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Topic: Primes...
Replies: 14   Last Post: Feb 11, 2003 7:41 AM

 Messages: [ Previous | Next ]
 Robert Israel Posts: 11,902 Registered: 12/6/04
Re: Primes...
Posted: Jan 30, 2003 4:19 PM

"r.e.s." <rs.1@mindspring.com> wrote in message news:<b1arp4\$nmd\$1@slb6.atl.mindspring.net>...

> Letting p(n) be the nth prime, I understand that the
> following is equivalent to the Prime Number Theorem:
> p(n)/(n log(n)) -> 1 as n -> infinity.

> That makes it easy to show, if I'm not mistaken, that
> for every integer k>=0, as n -> infinity,

> p(n+k)/p(n) -> 1
> p(n*k)/p(n) -> k
> p(n^k)/p(n) -> k*n^(k-1)

> The pattern in those cases is
> p(f(n))/p(n) -> f'(n),
> where f' is the derivative of f.

> I wonder if there's a nice way to generalize this,
> e.g., to arbitrary polynomial f. (?)

Yes, if f is increasing on some (N, infinity). We then have
f(n) ~ c n^d for some positive c and positive integer d as n -> infinity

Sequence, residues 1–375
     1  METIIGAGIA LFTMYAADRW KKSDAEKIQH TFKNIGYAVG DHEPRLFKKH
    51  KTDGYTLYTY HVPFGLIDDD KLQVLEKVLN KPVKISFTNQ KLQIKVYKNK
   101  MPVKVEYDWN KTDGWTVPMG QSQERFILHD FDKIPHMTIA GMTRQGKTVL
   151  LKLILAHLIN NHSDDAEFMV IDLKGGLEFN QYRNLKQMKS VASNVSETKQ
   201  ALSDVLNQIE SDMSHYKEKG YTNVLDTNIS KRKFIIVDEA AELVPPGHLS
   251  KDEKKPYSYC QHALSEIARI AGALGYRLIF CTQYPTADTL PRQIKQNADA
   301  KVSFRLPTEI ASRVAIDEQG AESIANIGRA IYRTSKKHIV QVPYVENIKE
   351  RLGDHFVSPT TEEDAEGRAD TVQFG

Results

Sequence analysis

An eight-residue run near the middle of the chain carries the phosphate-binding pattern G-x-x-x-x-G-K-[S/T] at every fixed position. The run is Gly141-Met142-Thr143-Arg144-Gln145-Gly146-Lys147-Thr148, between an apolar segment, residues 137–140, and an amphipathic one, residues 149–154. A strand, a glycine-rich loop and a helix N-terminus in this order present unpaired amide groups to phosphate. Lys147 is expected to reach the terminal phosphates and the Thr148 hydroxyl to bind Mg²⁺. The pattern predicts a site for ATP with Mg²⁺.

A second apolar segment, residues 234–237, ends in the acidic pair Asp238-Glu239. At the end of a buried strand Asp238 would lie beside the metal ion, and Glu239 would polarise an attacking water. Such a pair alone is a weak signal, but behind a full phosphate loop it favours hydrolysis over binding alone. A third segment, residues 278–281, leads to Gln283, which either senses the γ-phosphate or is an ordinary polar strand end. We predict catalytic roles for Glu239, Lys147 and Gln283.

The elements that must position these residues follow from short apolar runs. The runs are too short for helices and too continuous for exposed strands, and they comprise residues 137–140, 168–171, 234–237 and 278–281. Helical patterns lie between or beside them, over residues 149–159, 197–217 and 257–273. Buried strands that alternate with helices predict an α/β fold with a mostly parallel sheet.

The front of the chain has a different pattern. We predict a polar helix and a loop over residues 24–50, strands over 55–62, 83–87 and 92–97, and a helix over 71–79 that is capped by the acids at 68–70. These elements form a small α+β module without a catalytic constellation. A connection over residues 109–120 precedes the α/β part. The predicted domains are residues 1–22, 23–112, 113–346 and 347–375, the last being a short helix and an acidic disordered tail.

(~ meaning asymptotic to). Then p(f(n)) ~ f(n) log f(n), and
log f(n) ~ d log n, so p(f(n)) ~ cd n^d log n
p(f(n))/p(n) ~ c d n^d log n /(n log n) = c d n^(d-1) ~ f'(n).

Robert Israel israel@math.ubc.ca
Department of Mathematics http://www.math.ubc.ca/~israel
University of British Columbia

Date Subject Author
1/29/03 Jeremy
1/30/03 Revoklaw
1/30/03 Robert Israel
1/30/03 r.e.s.
1/30/03 r.e.s.
1/30/03 Robert Israel
1/30/03 Jon Miller
1/30/03 Michael Barr
1/30/03 Jim Ferry
1/30/03 Rainer Rosenthal
1/30/03 Rainer Rosenthal
2/2/03 Frank Buss
2/2/03 Frank Buss
2/2/03 Rainer Rosenthal
2/11/03 john leppart